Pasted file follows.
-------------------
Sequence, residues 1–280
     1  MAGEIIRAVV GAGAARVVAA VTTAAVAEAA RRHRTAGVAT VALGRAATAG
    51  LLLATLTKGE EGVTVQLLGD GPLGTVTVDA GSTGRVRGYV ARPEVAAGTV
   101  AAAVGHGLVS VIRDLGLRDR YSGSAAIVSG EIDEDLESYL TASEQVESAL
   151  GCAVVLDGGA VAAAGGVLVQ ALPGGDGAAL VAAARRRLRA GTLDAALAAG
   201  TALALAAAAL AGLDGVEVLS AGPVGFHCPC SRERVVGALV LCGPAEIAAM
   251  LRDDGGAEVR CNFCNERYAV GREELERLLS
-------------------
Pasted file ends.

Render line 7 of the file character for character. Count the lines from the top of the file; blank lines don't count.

   251  LRDDGGAEVR CNFCNERYAV GREELERLLS